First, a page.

Bears Look to Rebound From First Loss

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The Cal football team should be hoping Jason Gesser doesn't have any Willis Reed in him.

The Bears (3-1) will have their work cut out for them tomorrow in their Pac-10 opener against No. 18 Washington State (3-1), but the task will be a even harder if the Cougars' injured quarterback pulls a Reed-style comeback.

A WSU team without Gesser may be a welcome remedy for Cal, looking to make up for a sputtering offense in last weekend's 23-21 loss to Air Force.

The Bears were torched by Gesser last season, in a 51-20 thrashing by the Cougars. Gesser threw for 432 yards with four touchdown passes.

After suffering a bruised rib and dislocated rib cartilage in WSU's 45-28 win over Montana State last week, Gesser's status for tomorrow's Pac-10 opener is still in question.

If he does return, Gesser is expected to wear a flak jacket to protect his injured rib.

Moving down the depth chart, the next Cougar quarterback, Matt Kegel, doesn't look much better. Gesser's backup is bothered by a bruised knee suffered last week.

So WSU is left with freshman Chris Hurd, who has taken most of the snaps in practice this week.

Still, Cal coach Jeff Tedford believes Gesser will play no matter the pain, just as long as it won't further complicate his injury.

As for a replacement for Gesser if he does sit, Tedford believed it wouldn't make much difference to a high powered Cougar offense which is averaging 392 yards per game.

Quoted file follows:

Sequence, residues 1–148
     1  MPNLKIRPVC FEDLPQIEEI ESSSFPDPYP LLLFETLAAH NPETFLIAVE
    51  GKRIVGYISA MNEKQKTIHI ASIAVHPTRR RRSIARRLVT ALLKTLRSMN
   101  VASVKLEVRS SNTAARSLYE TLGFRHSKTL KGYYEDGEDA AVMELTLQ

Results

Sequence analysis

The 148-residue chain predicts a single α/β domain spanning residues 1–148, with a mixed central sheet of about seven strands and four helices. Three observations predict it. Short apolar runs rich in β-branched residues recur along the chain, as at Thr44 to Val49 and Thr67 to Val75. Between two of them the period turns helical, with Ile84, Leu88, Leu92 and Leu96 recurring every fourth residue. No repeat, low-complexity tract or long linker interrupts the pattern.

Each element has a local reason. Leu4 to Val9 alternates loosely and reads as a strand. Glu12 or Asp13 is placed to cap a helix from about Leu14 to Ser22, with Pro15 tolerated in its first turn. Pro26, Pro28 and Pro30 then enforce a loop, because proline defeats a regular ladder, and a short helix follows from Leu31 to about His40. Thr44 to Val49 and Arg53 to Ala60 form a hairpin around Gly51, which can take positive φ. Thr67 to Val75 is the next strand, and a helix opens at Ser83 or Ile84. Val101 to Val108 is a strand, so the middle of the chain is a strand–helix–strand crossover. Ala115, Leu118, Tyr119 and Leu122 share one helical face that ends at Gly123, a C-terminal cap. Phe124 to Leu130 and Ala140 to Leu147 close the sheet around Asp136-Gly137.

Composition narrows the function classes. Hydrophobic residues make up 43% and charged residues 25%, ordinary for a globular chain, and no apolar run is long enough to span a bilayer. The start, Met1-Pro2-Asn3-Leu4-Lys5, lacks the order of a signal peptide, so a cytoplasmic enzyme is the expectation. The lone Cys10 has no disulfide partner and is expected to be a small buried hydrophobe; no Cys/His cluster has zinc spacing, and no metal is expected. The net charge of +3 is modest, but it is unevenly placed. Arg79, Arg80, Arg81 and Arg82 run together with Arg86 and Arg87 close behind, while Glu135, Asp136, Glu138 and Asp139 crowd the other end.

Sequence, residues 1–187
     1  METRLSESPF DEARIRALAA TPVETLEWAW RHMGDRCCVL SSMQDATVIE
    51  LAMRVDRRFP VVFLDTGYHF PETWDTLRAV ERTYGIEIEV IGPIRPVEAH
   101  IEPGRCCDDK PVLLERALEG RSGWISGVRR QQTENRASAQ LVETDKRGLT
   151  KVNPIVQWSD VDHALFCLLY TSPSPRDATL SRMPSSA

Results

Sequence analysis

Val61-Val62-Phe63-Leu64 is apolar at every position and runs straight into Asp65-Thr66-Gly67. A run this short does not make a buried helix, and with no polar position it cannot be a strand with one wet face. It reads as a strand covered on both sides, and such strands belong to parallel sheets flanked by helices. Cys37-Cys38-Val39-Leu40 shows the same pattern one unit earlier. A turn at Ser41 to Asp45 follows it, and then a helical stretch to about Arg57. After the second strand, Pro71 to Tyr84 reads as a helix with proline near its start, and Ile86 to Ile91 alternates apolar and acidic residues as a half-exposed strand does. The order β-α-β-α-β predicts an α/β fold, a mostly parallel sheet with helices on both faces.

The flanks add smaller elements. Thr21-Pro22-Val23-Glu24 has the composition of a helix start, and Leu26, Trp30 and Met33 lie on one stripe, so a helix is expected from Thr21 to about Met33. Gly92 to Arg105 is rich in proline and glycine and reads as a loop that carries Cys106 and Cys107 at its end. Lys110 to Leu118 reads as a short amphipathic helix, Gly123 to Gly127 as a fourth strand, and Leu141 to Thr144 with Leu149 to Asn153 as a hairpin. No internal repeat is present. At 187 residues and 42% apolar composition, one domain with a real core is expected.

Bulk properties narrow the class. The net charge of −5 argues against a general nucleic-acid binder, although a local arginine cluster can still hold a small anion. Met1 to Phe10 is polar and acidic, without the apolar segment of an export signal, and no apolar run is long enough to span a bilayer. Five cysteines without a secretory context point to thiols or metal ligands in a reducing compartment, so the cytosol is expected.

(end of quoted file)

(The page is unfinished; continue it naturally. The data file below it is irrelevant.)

"Kegel is very athletic also, but Gesser is the type of guy who can break tackles and get out in the open," Tedford said. "They run the same offense though, it's not like they switch to a different offense when the other guy comes in."

One offensive star who will play for certain is Devard Darling, a junior transfer from Florida State. The 6-foot-3 wide receiver has caught a team-high 22 passes, including five for scores.

Darling joins 6-foot-6 senior Mike Bush, who lit up the Bears for 144 yards on five catches last year, in a mammoth receiving corps. But the Cal defensive backs say size won't be a big issue.

"For both Jemeel and me the hardest guys are the short, shifty guys," cornerback James Bethea said. "A lot of times the big guys try to overpower you and that throws them off."

Because of WSU's success in the passing game this season, Tedford said the defense will stress pressure on the quarterback.

"You have to press him," Tedford said. "You can't let him sit back there because those receivers will get open sooner or later."

On offense, the Bears will have to deal with some pressure themselves. Defensive ends Fred Shavies and Isaac Brown have combined for five sacks and 21 tackles, including six for losses.

"When you get the defensive ends with single digits on their jerseys you better watch out," Tedford said. "That normally means they were a running back somewhere down the line. They are very fast and they are very physical inside and quick."

The Cal offensive line has been up to the task this season, allowing only four sacks and giving quarterback Kyle Boller a chance to have the career season he is having. Through four games, Boller is 69-of-128 for 841 yards, eight touchdowns and only two interceptions.

However, the Bears' offense ground to a halt at the most critical moments against Air Force last Saturday, failing to score a touchdown until the last minute of the game.

Against the Cougars this week, Boller will be throwing to receivers who seemed to have butter-coated paws against the Falcons, struggling with dropped passes all day.

Tedford said the same receiving corps-Lashaun Ward, Jonathan Makonnen and Geoff McArthur-will start as last week.


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